It's amazing. The fan art started after the trailer and continued until today. Some of it, I think, is just the delineation of the characters and even their costumes – so people respond to the fact that you can actually identify all of the characters. Sometimes in action films you have goodies and baddies that are wearing black suits and goodies and baddies that are driving black cars. Apart from the actor's face you can't necessarily tell anybody apart. We spent a lot of time delineating the characters – what they wear, what their make-up is, what their haircut is – and I think people responded to that. They start to draw fan art because they come out of the movie with indelible images in their head and they start drawing them. It's always incredible to me what people pick up on.
You cast musicians in cameos, which viewers may have missed in cinemas. When they watch the film again, who should they look out for?
Some of them are pretty obvious, like Flea is heavily featured and so is Sky Ferreira playing Baby's mum and so is Paul Williams, who plays the Butcher. I guess the more blink-and-you'll-miss-it cameos are like Killer Mike and Big Boi, who are seen talking to Kevin Spacey in the restaurant when he's at the bar. You see them in a wide shot and some people spot them and some people don't. Then the other person who's a bit more blink-and-you'll-miss-it is Jon Spencer of the Jon Spencer Blues Explosion, who sings the opening track – he appears towards the end as a prison guard. He has a line on camera so I thought that was a funny thing of bookending the film with him. He's the first voice you hear and the last.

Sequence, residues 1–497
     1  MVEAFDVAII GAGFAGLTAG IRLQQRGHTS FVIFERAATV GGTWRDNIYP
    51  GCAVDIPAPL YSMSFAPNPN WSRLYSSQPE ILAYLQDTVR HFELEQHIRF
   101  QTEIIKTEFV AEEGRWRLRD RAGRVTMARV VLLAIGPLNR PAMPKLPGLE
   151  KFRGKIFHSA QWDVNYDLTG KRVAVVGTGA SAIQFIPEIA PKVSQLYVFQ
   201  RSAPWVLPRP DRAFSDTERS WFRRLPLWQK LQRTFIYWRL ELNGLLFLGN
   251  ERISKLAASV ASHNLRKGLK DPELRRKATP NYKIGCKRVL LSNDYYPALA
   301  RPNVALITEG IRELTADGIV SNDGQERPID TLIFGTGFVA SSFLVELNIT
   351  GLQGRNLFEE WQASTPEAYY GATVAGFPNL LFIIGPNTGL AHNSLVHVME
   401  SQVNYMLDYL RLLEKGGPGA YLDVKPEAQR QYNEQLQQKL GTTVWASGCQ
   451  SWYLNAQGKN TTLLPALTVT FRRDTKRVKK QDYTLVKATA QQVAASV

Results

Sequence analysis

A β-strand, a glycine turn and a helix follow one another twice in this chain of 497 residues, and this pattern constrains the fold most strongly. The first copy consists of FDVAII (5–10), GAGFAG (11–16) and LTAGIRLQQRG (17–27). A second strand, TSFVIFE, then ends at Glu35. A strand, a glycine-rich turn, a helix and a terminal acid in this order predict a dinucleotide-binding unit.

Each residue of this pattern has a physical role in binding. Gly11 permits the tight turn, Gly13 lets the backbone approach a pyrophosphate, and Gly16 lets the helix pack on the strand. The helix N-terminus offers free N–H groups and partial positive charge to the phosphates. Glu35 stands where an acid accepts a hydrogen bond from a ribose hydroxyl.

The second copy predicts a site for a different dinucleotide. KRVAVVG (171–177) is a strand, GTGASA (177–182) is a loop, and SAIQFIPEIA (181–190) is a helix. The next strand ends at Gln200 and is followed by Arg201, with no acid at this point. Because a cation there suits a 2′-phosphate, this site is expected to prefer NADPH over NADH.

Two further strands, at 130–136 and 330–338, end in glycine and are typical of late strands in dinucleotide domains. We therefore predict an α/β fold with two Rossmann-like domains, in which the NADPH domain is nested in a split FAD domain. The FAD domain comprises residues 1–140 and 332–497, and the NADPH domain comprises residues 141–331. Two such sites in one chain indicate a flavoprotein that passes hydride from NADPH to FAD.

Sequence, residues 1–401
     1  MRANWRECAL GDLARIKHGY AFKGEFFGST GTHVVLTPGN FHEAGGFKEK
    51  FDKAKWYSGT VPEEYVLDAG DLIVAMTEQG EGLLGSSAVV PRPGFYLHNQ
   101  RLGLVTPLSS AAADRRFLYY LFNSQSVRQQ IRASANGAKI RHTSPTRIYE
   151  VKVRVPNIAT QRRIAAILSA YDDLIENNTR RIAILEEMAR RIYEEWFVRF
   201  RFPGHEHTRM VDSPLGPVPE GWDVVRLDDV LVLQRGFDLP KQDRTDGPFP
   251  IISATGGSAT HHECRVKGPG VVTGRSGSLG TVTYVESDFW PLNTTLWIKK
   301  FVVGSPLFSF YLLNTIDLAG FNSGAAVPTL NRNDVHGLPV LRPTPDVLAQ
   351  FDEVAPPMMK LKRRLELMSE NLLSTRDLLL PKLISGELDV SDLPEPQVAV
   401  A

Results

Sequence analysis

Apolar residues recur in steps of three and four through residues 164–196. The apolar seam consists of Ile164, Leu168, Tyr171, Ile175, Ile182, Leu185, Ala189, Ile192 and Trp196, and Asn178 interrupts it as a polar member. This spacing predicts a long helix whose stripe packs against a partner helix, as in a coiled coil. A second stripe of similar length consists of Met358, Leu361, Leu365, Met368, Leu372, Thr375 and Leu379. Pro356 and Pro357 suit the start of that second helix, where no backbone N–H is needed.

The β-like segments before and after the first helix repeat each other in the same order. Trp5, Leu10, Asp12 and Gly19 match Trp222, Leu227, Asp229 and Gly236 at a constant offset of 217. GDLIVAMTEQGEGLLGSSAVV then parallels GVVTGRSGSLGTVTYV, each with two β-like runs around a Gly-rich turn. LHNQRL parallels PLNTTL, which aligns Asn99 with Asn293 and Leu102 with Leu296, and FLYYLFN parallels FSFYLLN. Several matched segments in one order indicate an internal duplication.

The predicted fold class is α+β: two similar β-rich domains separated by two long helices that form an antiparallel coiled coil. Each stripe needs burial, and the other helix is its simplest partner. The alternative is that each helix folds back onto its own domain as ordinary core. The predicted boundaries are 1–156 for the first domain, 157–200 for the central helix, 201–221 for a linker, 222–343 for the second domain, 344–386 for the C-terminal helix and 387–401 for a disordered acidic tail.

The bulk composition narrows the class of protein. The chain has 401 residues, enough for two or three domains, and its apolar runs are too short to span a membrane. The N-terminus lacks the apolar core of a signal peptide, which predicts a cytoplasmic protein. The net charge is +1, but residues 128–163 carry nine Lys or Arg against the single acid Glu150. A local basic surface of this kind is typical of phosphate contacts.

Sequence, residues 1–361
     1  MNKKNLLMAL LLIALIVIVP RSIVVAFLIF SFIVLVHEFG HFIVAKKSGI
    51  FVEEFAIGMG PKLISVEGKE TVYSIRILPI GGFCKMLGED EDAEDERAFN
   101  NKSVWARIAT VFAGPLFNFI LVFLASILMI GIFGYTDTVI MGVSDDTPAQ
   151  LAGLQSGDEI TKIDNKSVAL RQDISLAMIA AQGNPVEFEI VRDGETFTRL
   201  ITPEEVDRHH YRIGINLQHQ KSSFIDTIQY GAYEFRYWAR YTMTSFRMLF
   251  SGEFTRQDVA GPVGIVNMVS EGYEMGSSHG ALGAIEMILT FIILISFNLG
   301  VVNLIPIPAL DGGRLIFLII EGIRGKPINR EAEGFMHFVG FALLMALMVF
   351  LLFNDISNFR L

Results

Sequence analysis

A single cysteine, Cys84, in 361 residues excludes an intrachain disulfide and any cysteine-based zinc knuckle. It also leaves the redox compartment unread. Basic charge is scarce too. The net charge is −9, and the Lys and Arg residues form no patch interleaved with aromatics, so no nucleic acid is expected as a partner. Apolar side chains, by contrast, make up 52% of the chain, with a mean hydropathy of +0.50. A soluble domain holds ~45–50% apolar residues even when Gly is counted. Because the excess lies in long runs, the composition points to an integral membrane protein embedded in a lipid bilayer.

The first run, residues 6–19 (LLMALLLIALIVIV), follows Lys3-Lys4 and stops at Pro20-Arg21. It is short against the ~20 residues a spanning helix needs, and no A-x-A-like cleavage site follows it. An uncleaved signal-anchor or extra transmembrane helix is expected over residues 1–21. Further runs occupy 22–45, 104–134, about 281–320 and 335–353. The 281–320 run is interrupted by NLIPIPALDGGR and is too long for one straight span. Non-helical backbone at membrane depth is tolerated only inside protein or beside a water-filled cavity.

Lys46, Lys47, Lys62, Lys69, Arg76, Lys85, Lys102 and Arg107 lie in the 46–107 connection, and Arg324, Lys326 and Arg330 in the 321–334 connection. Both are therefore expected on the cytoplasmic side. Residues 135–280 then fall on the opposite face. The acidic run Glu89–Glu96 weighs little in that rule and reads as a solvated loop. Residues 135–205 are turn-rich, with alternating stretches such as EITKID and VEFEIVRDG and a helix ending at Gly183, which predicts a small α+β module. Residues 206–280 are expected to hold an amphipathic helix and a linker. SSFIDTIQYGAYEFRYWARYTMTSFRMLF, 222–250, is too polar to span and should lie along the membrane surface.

Lily James says you have impeccable taste in music, but do you have any guilty pleasures?
Well, here's the thing: I feel most things that are guilty pleasures have changed because most things that were like guilty pleasures when I was growing up are now considered the height of cool. For example, ELO was not a cool band when I was growing up. If you go to LA people are like 'Ah, ELO is like the height of hipness'. I think things like Abba and ELO are not guilty pleasures anymore. I like disco music, which some people consider a guilty pleasure but, you know, it's good stuff.
Many of the actors in the film are also musicians. Was that partly why you cast them?
It wasn't the only reason to cast them. I cast them because they were right for the part. But the fact that they had musical chops was a greatly beneficial thing - Ansel, Jamie Foxx, Kevin Spacey, Lily James, Eiza Gonzalez, pretty much everybody except Jon Hamm, who to my knowledge does not have a recording career... [Laughs] Not yet.